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Tom Vezo/Minden Pictures

Teeny Terns
On beaches along our three coasts and major river systems of the nation’s midsection, least tern chicks are struggling out of their eggs. The robin-size parents feed them fish or, occasionally, insects skimmed from water surfaces. During periods of excessive heat adults may soak their bellies and cool their hatchlings by dripping water onto them. In the late 19th century extirpation by the millinery trade seemed certain until activists, led by noted poet Celia Thaxter, intervened. In her 1887 essay “Woman’s Heartlessness,” Thaxter offered this account of a lecture she’d given a plumage-topped woman: “It was merely a waste of breath, and she went her way, a charnel house of beaks and claws and bones and feathers and glass eyes upon her fatuous head.” In one of the Endangered Species Act’s many successes, California’s least tern population has increased from about 225 nesting pairs in 1970 to several thousand pairs today. But habitat loss is still a problem there as well as in the nation’s interior, where river manipulations have destroyed sandbars and fish habitat. What the least tern has going for it, however, is its wide distribution across North and Central America.
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Paul Kusmin

Fueling Hummers
July seems awfully early to start a fall migration, but now male rufous hummingbirds are setting out on the longest trek of any U.S. hummer—from southern Alaska to Oaxaca, Mexico. Females will follow soon. Instead of taking their spring route along the Pacific Coast, they move down the Rockies, sipping nectar from flowers throughout most of the West. Both sexes will aggressively defend feeding areas even when satiated. Males face their opponents, so they’ve evolved bright scarlet-orange throat patches. But because females often warn away competition by fanning and waving their tails, they’ve evolved distinctive tail patterns. When flowers are scarce rufous hummers will drink sap from holes drilled in trees by sapsuckers, and they will come readily to sugar-water feeders. Add one part sugar to four parts water, boil for at least 15 seconds, let cool, and do not add coloring. If the sugar water in the feeder turns opaque, change it and scrub the inside of the feeder. On a cold morning you may find a rufous hummer in such a state of torpor that you can pick it up. It will slowly revive in the heat of your hand, and you can refuel it by inserting its beak into an eyedropper of sugar water.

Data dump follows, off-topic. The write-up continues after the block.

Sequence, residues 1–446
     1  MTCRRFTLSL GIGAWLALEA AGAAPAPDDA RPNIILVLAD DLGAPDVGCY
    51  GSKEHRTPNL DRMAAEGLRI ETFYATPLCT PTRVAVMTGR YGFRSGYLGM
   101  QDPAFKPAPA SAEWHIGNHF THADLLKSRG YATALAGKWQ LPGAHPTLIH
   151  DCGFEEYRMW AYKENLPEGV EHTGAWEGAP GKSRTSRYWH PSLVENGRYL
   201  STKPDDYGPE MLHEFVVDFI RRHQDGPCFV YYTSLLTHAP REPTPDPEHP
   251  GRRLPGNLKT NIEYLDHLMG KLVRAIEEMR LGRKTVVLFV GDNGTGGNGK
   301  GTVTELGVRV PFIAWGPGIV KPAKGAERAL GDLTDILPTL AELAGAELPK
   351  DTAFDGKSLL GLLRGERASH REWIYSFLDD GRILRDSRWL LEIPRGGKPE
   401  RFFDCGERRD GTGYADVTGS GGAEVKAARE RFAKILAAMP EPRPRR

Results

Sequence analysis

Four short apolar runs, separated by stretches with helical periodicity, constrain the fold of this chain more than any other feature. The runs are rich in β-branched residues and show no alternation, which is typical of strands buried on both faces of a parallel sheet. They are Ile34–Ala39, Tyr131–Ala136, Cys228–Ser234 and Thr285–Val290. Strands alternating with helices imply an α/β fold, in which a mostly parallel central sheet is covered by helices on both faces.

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Blickwinkel/Alamy

Cows With Wings